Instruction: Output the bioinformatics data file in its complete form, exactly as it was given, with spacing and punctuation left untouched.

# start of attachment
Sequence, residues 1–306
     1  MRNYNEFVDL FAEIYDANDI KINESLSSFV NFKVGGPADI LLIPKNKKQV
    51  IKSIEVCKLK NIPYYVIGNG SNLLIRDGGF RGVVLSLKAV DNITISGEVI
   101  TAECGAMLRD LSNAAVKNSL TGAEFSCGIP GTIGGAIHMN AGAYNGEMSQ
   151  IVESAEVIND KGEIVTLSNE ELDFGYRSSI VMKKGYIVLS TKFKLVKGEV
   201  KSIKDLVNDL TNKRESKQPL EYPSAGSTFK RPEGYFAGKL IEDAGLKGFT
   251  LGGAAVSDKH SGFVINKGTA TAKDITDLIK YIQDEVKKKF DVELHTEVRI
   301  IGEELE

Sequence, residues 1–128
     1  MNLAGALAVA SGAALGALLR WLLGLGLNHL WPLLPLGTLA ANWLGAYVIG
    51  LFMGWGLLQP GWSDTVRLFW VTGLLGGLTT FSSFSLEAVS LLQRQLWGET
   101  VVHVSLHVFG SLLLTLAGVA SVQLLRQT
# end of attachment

Sequence, residues 1–306
     1  MRNYNEFVDL FAEIYDANDI KINESLSSFV NFKVGGPADI LLIPKNKKQV
    51  IKSIEVCKLK NIPYYVIGNG SNLLIRDGGF RGVVLSLKAV DNITISGEVI
   101  TAECGAMLRD LSNAAVKNSL TGAEFSCGIP GTIGGAIHMN AGAYNGEMSQ
   151  IVESAEVIND KGEIVTLSNE ELDFGYRSSI VMKKGYIVLS TKFKLVKGEV
   201  KSIKDLVNDL TNKRESKQPL EYPSAGSTFK RPEGYFAGKL IEDAGLKGFT
   251  LGGAAVSDKH SGFVINKGTA TAKDITDLIK YIQDEVKKKF DVELHTEVRI
   301  IGEELE

Sequence, residues 1–128
     1  MNLAGALAVA SGAALGALLR WLLGLGLNHL WPLLPLGTLA ANWLGAYVIG
    51  LFMGWGLLQP GWSDTVRLFW VTGLLGGLTT FSSFSLEAVS LLQRQLWGET
   101  VVHVSLHVFG SLLLTLAGVA SVQLLRQT